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How did you guys meet?
In class, at CIA. ‘P’ is close to ‘R’ so we were put together
as working partners.
Both of you worked in France for a year. What impact
did that experience have on your culinary perspective?
It was a valuable experience – to put centuries of baking
tradition into context in that way. We also realized the
opportunities and freedom to open a business here in the
States at a young age is not something that should be
taken for granted.
With bread, a lot of things were clarified for me.
The revival ‘artisan’ baking movement was just a few years
ahead there. They were working hard to rebuild the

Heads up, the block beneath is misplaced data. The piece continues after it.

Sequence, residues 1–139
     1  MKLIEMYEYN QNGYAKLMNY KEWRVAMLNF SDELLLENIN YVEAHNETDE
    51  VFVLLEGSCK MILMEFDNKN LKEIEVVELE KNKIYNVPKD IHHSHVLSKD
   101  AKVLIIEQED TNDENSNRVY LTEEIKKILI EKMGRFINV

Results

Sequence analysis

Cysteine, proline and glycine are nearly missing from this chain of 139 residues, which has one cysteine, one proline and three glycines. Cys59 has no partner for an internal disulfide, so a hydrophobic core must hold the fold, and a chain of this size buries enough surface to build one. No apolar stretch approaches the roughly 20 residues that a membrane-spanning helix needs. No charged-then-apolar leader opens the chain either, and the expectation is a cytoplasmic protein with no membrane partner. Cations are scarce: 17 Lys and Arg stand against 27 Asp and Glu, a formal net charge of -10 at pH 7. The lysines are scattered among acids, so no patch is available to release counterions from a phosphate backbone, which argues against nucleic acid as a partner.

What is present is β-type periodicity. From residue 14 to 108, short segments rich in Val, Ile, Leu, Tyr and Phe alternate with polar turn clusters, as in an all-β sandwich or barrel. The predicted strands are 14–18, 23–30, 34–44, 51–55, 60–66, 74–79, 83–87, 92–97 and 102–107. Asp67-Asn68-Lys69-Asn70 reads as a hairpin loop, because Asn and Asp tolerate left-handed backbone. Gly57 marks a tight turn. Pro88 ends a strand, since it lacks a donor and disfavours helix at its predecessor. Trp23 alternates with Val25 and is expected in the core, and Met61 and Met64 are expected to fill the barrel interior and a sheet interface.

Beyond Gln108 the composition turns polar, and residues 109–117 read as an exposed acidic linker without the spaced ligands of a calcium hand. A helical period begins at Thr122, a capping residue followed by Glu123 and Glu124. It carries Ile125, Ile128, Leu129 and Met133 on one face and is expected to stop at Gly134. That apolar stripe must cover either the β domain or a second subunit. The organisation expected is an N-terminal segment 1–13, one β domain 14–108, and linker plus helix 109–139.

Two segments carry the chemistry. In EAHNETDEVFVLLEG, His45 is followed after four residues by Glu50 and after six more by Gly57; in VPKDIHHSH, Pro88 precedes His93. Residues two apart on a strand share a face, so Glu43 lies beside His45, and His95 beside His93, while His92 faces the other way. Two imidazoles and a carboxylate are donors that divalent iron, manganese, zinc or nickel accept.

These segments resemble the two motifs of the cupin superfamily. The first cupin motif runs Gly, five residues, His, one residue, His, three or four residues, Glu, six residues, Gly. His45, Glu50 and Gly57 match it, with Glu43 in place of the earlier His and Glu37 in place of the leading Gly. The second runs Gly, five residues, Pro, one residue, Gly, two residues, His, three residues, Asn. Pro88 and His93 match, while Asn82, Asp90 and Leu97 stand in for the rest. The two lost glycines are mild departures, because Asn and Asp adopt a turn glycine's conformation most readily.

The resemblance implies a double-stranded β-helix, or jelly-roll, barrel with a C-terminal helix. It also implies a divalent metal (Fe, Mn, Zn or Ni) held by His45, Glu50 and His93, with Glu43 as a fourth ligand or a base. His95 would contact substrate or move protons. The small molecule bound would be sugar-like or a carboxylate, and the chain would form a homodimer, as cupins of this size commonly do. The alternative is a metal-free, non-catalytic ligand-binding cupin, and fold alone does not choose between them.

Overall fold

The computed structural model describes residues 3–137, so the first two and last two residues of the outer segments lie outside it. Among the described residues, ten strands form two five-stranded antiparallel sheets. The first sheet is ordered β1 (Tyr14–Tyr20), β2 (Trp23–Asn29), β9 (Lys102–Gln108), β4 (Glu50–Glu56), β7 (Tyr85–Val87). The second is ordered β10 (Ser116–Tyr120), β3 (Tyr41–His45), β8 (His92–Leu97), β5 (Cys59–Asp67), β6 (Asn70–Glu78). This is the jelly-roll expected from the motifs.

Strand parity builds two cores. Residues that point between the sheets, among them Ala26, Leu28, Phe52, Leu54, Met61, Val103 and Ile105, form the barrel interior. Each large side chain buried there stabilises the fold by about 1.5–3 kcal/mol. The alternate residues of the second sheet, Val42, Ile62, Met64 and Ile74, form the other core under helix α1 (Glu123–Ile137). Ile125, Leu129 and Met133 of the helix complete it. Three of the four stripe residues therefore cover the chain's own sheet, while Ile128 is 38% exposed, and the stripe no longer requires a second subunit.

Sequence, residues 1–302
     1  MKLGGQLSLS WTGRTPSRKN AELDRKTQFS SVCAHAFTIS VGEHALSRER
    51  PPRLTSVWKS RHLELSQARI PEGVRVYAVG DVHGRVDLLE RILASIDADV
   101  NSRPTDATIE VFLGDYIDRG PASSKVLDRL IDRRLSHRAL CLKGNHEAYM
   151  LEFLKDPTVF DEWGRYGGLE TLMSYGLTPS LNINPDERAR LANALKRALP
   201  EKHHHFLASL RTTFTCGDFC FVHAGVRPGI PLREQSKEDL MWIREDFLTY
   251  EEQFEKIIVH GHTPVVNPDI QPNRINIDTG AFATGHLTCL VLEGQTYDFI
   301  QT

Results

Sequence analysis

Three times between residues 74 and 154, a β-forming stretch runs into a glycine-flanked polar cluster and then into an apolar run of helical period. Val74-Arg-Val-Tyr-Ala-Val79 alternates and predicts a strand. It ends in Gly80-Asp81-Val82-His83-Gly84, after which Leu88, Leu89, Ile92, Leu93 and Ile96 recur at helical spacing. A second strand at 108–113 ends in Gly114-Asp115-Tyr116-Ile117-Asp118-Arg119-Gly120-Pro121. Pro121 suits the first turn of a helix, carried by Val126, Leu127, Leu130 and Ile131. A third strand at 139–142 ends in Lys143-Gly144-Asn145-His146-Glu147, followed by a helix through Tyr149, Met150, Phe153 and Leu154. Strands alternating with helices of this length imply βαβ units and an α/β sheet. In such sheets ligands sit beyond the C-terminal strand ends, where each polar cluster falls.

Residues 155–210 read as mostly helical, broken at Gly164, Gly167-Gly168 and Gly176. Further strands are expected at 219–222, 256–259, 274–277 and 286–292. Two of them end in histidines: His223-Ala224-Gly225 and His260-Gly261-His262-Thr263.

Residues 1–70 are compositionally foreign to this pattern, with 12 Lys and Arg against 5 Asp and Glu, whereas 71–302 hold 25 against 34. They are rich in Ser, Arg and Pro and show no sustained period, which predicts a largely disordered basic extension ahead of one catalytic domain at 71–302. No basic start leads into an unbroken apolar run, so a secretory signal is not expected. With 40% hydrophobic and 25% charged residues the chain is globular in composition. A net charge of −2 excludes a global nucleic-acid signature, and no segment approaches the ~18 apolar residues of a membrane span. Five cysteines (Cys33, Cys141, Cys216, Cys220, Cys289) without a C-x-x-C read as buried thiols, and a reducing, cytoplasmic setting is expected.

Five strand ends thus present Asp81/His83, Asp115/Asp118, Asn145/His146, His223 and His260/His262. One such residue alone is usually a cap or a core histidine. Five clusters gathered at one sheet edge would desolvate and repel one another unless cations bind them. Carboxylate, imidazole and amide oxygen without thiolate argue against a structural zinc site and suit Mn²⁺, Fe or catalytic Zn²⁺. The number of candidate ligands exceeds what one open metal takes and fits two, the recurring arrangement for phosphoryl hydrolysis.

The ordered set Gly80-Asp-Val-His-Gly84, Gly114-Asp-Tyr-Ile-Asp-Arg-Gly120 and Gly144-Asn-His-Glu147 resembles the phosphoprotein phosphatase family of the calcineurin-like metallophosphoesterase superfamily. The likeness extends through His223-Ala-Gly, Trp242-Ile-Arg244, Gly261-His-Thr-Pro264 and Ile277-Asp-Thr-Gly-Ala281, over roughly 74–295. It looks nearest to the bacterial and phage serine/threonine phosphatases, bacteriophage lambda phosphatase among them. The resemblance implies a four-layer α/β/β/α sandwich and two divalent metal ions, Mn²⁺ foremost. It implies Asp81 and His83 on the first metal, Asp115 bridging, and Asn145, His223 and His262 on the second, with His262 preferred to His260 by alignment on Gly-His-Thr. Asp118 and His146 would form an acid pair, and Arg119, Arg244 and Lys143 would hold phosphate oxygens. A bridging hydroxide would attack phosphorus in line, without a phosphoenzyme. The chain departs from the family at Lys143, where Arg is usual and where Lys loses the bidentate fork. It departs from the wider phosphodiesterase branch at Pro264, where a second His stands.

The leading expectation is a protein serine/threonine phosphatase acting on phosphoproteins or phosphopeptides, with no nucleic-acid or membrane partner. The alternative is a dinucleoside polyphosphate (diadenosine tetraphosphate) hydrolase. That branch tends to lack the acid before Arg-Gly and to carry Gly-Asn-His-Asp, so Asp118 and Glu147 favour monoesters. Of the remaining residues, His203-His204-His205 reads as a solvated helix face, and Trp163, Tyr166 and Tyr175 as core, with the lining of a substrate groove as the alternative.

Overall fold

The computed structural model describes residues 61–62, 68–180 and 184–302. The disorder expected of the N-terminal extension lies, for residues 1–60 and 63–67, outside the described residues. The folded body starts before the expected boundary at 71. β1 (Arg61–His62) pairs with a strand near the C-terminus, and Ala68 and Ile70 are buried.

reputation of bread within their own country. Here, a few
bakers were taking inspiration from this new guard in
France, and making great bread on the East and West
Coasts. I still draw on that experience daily, and that was
almost 15 years ago.
Liz, you being from Brooklyn, and Chad, you being
from Texas, why California?
I lived all over Texas growing up: West Texas,
Houston and Dallas. I was ready to see the rest of the
country. I started to feel like I belonged on the East Coast
and thought we’d settle in New York City. It’s been a long
time and we’re still in Northern California. The quality
of life here is something I’d miss. I love going to the
farmers’ market twice a week and getting most of what I
need to cook. We love eating a world class Mexican
breakfast while loading flats of fruit into the truck. Heading
off to work like that is a great way to start a long, hard
day. And now that I surf most of the year here at Ocean
Beach right in the city, I can’t see leaving.